The execution of justice is not always neutral.  Unfortunately, racial discrimination remains deeply imbedded in the policies and practices of the justice system, and not merely a relic of the past.  For example, minority youth are disproportionately affected with higher arrest and confinement rates than White youth.  Experts identify this phenomenon as Disproportionate Minority Contact/Confinement (DMC).  This is a widely recognized problem, one already given considerable attention by law…
San Francisco Police Department upgrading data collection system
On Wednesday, September 12, 2012, the San Francisco Police Commission met to discuss a range of issues, including the San Francisco Police Department (SFPD)'s faulty and problematic system of collecting arrest data. Recently highlighted by the Bay Citizen , San Francisco County is the only county of 58 in California that does not accurately report the arrests of Hispanic residents. CJCJ noted this data limitation in an April 2012 publication documenting a 40+ year pattern of racially…
San Francisco's changing crime trends
San Francisco's changing crime trends
Those closest to the problem should be at the forefront of the solution
In an era of Realignment, who should be involved in determining the local jurisdictions' implementation plans?  Currently, this responsibility is maintained with the Community Corrections Partnerships (CCP) in each of California's 58 counties.  The CCP is lead by the Chief Probation Officer and includes but is not limited to the District Attorney, Public Defender, Sheriff and Chief of Police.  There is one seat designated for a representative of a community-based organization serving formerly…
San Francisco leading the way to sentencing reform
In the face of historic opposition to a statewide sentencing commission, San Francisco County established a local sentencing commission January 2012 to address the county's sentencing policies and practices. Twenty-two states across the U.S. have established sentencing commissions to assist in the development and administration of a fair justice system.  Policy makers require strong data-analysis to inform the previous and future decisions centered on sentencing policies and practices.  Data…
Infographic: California rethinks criminal justice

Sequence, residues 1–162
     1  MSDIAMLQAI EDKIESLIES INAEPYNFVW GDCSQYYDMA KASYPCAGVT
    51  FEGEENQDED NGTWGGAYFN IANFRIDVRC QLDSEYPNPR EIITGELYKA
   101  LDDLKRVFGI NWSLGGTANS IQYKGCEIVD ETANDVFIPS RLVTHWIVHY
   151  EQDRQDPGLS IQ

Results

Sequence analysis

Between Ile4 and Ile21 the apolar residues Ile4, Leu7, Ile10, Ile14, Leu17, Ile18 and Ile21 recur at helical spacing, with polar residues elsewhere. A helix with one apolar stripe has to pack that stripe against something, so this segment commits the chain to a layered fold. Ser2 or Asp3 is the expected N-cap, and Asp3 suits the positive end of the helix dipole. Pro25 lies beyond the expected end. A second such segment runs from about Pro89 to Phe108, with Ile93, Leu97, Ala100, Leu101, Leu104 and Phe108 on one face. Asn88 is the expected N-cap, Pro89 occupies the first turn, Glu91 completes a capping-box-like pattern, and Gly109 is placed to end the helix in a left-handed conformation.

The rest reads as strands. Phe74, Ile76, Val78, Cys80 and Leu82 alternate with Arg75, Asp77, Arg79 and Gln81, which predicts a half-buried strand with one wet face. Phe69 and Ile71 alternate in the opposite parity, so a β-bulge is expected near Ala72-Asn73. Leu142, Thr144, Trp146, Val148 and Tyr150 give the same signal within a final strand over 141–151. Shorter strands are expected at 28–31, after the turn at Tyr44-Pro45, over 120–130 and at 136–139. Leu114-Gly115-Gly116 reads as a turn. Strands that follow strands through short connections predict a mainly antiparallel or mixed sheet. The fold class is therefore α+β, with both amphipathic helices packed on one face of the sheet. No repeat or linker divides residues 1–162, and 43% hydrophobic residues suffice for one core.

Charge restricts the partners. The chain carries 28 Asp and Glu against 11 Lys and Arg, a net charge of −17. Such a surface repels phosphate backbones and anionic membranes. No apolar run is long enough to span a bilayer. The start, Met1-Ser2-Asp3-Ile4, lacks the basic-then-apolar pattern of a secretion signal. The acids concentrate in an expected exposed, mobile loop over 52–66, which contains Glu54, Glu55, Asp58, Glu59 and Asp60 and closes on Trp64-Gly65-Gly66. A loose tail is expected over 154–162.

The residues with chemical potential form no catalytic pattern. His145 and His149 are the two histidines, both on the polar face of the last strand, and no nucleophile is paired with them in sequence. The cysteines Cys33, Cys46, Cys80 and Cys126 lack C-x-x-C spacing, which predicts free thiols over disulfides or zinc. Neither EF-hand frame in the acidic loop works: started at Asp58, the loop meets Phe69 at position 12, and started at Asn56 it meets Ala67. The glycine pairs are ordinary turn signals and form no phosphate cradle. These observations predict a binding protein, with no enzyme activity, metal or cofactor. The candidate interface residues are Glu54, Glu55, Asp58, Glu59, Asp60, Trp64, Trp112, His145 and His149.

Infographic: California rethinks criminal justice California Watch, August 23, 2012
Legislation to provide more opportunities for unsentenced detainees
In California, local county jail bed space is not always for the guilty.  Approximately 50,000 un-sentenced individuals are confined to the state's county jails, awaiting their time before a judge.  A majority of these individuals are confined to local jails because they are not able to post bail .  This contributes to the 71% state average of un-sentenced individuals in county jails.  These individuals have not necessarily been deemed a flight-risk or a danger to society; they just lack the…
San Francisco data collection needs upgrade
An article in the Bay Citizen today sheds much needed light on the importance and lack of accurate data collection in San Francisco.  In particular, the article notes the San Francisco Police Department (SFPD) underreports the arrests of Latino and Asian residents (the city's two largest minority groups) by misclassifying them at "white" or "other."  These inaccuracies have significant repercussions that effect not only law enforcement, but policymakers, and local residents.  For example in…
Cross-sector collaborations demonstrate impressive results
Counties across the state are facing unprecedented new challenges in their adult and juvenile criminal justice systems.  Pressures are increasing on local systems due to adult corrections realignment under Assembly Bill 109 and unprecedented drops in federal funding for rehabilitation of juvenile offenders.   California counties are responding to these challenges with a wide variety of responses.  While county responses vary, one factor remains constant throughout the state: The…
Red Rose Culinary Academy off to a delicious start
The Red Rose Culinary Academy is an innovative program from Brothers for Change, Inc .  Led by head chef Henry Howard, the program is designed to enable formerly incarcerated individuals to engage in vocational and academic training in the food industry, which will eventually lead to sustainable employment.  The 16-week culinary arts course prepares students with the skills necessary to enter the food industry workforce upon graduation.  Curriculum modules include a strong foundation in the…